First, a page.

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WHO Do You Think You’re Talking To?

Chinese relatives of the first victims of Covid-19 are being pressurised by the Chinese authorities into not talking to any World Health Organisation (WHO) researchers who are currently in Wuhan as part of an investigation into the origin of the SARS-CoV-2 virus.

After two weeks in quarantine, the twelve experts are preparing to begin their investigation on Thursday, while in the meantime, Beijing is vigorously promoting the idea that the cause of the pandemic did not start in China.

Relatives of the victims have accused the Communist regime of trying to dissuade them from approaching international experts. Families met last year to demand compensation from local authorities, who minimised and covered up information about the epidemic, even punishing the first doctors who warned of the disease for scaremongering. Moreover, several families have tried to take their cases to court, only to have their claims dismissed.

Since the arrival of WHO experts, pressure from the authorities has increased. Nearly a hundred relatives of the victims exchanged messages in the WeChat instant messaging application, but the discussion group was blocked ten days ago, revealed Zhang Hai, one of those responsible for the movement.  As such, their actions shows that the authorities are very nervous. They fear that many of the families of the deceased will contact WHO experts, said the 51-year-old man, whose father died earlier this year.  As soon as the WHO investigation team arrived in Wuhan, the WeChat group was blocked. As a result, we have lost contact with many of our members.” Like other social networks in China, WeChat, is run by internet giant Tencent, who regularly block content deemed sensitive by authorities.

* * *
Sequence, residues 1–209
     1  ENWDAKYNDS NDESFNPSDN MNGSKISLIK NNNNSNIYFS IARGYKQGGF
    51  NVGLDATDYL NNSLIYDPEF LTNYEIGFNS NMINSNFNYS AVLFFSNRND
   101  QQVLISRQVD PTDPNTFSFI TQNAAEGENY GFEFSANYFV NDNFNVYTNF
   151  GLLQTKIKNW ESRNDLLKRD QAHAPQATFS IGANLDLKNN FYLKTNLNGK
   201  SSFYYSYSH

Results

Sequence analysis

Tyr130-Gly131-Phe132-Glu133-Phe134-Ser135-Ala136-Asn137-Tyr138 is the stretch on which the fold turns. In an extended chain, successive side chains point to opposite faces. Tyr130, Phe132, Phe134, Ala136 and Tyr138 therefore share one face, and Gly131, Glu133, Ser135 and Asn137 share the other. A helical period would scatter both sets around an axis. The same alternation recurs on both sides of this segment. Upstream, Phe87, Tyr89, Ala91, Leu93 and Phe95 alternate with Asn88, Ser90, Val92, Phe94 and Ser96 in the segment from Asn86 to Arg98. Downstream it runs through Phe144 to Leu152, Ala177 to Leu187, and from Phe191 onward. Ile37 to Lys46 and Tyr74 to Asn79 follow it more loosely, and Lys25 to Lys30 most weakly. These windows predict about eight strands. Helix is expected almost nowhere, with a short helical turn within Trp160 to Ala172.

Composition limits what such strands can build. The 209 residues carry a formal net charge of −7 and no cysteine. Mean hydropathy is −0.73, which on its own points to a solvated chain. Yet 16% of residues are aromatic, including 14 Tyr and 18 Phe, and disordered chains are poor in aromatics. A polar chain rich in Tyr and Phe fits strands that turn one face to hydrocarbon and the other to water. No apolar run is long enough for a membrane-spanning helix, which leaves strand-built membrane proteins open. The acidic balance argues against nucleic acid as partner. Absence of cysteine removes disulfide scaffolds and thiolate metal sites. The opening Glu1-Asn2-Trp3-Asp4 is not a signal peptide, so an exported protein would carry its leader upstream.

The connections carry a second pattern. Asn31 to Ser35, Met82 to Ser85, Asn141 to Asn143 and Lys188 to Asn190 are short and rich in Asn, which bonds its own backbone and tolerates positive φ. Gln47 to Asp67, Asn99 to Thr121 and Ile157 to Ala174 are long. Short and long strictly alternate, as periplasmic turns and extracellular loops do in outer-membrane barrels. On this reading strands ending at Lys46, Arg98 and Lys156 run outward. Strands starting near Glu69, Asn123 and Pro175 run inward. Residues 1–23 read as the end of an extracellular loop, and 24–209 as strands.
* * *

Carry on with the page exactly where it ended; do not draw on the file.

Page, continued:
The pandemic officially killed 3,900 people in Wuhan, the vast majority of the total deaths in China. The country managed to contain the pandemic in the spring, although some cases have emerged in recent weeks in other regions. With less than 90,000 patients, according to official data, China remains a far cry from the balance sheets recorded in the rest of the world, which totals more than 100 million infected.

Many of the victims’ relatives say they doubt these numbers, saying that many deaths occurred before they could be formally identified as suffering from the coronavirus. A retiree, who believes her daughter was a victim of the virus in January 2020, told Agency France-Presse (AFP) she was summoned last week by authorities, who ordered her not to “speak to the press.” After that,” she said “they came to my house and gave me 5,000 yuan (640 euros) in compensation.”

When questioned by AFP, the Wuhan government did not respond to questions related to the families’ requests. Zhang Hai asked WHO experts to “have the courage” to meet with families”, saying he feared that they would be deceived by the authorities or restricted during their investigation. According to Zhang, the testimony of families about the explosion of the virus in Wuhan may serve to clarify the situation for international investigators, while Beijing refuses to assume responsibility.

According to the first statements issued by Chinese researchers in early 2020, the virus was transmitted by a bat to another animal, before being transmitted to humans. The contamination would have occurred in a market in Wuhan where wild animals, including Pangolins (scaly anteater), are sold live. Another theory, spread in particular by former President of the United States, Donald Trump, blames the virus on a leak from Wuhan’s virology laboratory.

It is not clear whether international experts will have access to this laboratory during their stay in Wuhan.

Samantha Gannon

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